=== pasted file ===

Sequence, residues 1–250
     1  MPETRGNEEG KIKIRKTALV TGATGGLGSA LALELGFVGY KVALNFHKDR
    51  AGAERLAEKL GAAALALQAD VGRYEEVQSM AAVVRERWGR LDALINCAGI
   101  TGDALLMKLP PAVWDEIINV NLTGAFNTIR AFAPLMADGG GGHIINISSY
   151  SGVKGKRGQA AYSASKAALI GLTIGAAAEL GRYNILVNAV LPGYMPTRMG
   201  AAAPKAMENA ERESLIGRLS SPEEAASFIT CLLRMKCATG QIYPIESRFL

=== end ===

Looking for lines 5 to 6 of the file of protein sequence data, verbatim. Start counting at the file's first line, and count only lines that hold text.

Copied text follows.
   151  SGVKGKRGQA AYSASKAALI GLTIGAAAEL GRYNILVNAV LPGYMPTRMG
   201  AAAPKAMENA ERESLIGRLS SPEEAASFIT CLLRMKCATG QIYPIESRFL